“In my opinion, reading the works of Roger Penrose, etc., in the present day to Aristotle, Plato and Socrates will not clarify the origin of consciousness. The bottom line is that consciousness CAN NOT arise from inert matter. But, of course, each person is entitled to whatever they want to do.”
I am reading these merely to obtain a correct view of what these scientists are saying. When reading their works I can see where the Buddha Dhamma applies. For example, the following was offered by Colin McGinn (professor of philosophy at Rutgers University) in his book titled “The Mysterious Flame.”
Consciousness and the question of self are intimately related. the self also has a hidden nature, an unknown essence. We ask, under what conditions the self continues to exist. The deeper question is how a bunch of cells can become a self anyway. The fact that there is no scientific criteria for the appearance of selves. We don’t know enough about what makes a self exist. We can know that we exist all right, but we cannot grasp our intrinsic nature. I suggest that our ignorance here is an ignorance of a hidden architecture of the self. Something about the hidden structure of the self determines its unity and identity, but we do not grasp this hidden structure, which is why we cannot answer questions about unity and identity with any reliability. If the existence of the self is so knowable then its nature must also be knowable. The fact is that we have no good theory about mental causation, no model for how reasoning leads to choice. Mental causation is mysterious. We simply have no general theoretical grasp of how mental states cause behavior. Once we let go of the craving to explain, we can accept the reality of something that we cannot theoretically comprehend. But, mental causation remains secretive and opaque.
As I am sure you may experience the same idea, when I read these things, I realize two things: 1) How close some of these scientists and philosophers get, but are totally in the dark. 2) That the things that they state, represent the essence of what is being told to the general public. My only purpose for reading such things is to understand, from an analytical standpoint, what the world is being told in comparison to what the Buddha Dhamma states. Using this knowledge, I will be able to compose a paper that addresses both sides of the issue of consciousness for the purpose of revealing just how lost science and philosophy are with regard to this subject.
Your comment #1: That was a good clarification, thank you. I wish that there was a Bhante such as Waharaka Thero near me. I live in a Dhamma desert. The closest monastery to me is several hundred miles away. My physical health prevents me from doing many things. I was born with a genetic spinal disorder known as Anykylosing Spondylitis. According to the initial questions asked for someone seeking Patimokkha regarding health, i.e. Do you have leprosy? Do you have boils? Do you have eczema? Do you have tuberculosis? Do you have epilepsy? My condition requires that I have constant medical attention and many medications. Part of becoming a Theravada monk requires you to give up all possessions which includes money and any non-essential hygiene equipment or medical supplies such as creams or ointments. That is not possible for me to do.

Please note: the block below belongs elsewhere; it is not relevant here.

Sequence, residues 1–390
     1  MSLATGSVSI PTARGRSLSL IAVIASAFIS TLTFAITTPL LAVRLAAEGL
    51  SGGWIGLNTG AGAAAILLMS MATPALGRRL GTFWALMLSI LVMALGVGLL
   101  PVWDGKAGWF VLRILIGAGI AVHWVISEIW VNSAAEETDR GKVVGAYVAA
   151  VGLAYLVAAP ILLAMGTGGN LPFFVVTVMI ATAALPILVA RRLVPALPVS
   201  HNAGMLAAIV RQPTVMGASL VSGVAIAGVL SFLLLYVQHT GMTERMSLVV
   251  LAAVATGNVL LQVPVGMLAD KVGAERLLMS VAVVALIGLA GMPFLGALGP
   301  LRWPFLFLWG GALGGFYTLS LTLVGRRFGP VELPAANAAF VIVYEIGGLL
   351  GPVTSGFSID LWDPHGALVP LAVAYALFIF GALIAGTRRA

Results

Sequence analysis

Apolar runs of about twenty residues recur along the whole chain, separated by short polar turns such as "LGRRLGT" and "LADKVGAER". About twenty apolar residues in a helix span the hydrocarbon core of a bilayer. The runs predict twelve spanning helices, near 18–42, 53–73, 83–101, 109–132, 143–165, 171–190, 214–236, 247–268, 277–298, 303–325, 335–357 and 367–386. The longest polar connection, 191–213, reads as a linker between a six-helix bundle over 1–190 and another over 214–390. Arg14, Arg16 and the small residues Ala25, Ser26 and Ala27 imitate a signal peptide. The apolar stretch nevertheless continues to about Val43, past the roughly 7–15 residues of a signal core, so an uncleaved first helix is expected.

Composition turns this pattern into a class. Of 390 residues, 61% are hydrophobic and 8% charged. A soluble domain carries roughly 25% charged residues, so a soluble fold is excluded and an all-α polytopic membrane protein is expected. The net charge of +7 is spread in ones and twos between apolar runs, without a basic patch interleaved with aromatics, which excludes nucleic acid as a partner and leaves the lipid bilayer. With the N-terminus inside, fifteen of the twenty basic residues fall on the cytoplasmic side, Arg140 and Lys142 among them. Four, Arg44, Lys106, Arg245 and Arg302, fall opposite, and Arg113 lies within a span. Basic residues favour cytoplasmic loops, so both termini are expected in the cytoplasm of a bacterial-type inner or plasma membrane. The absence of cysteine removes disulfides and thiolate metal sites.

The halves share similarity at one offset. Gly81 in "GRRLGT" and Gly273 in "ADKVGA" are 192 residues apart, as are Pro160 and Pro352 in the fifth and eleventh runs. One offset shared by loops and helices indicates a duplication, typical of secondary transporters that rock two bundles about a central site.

However, my condition is of no consequence with regard to how I conduct my life as a follower of the Buddha. I fully intend on being a bhikkhu, even if I am not at a monastery or have a Master/preceptor to bring me through the complete set of vows. I conduct my life at present as close to a monk as is possible. I follow the Vinaya rules as much as I am able. I still have to handle money and attend to money-affairs. However, I have given away most of my belongings and live quite frugally.
There are many examples in the Sutta of so-called lay-persons who achieved even Arahanthood. Then there is the existence of a paccekabuddha (ariya-puggala who has realized Nibbana without having heard the Buddha’s doctrine from others.) I do not flatter myself that I am either, but my intention is that I am able to continue to learn and live the Buddha Dhamma until this life-cycle is finished. Writing helps me to learn because I have to do a lot of research. Since the Buddha Dhamma has made such an impression and caused me to change my life, I feel compelled to write about it. Perhaps the reason why I was given the name Anacaryiako was relevant. I have yet to fulfill the true meaning of my first name Dipobhasadhamma, since I can hardly be called a lamp that illuminates the Dhamma, at least not yet.
Thank you for the reference to the Pali dictionary that you use. I did not know of it. Also, I have been using TamilCube’s Pali Dictionary to compare to PTS and Sutta Central. And, thank you for the Post references. I did download your posts in book format as well. But I have started a catalog arranged by subject matter on an external hard drive. I am in the process of creating an Index of subjects for myself as easy reference. I know that it would be a tremendous amount of work, but you might consider compiling your own Pali Dictionary.
Thank you for your generosity and response. I have much reading to do.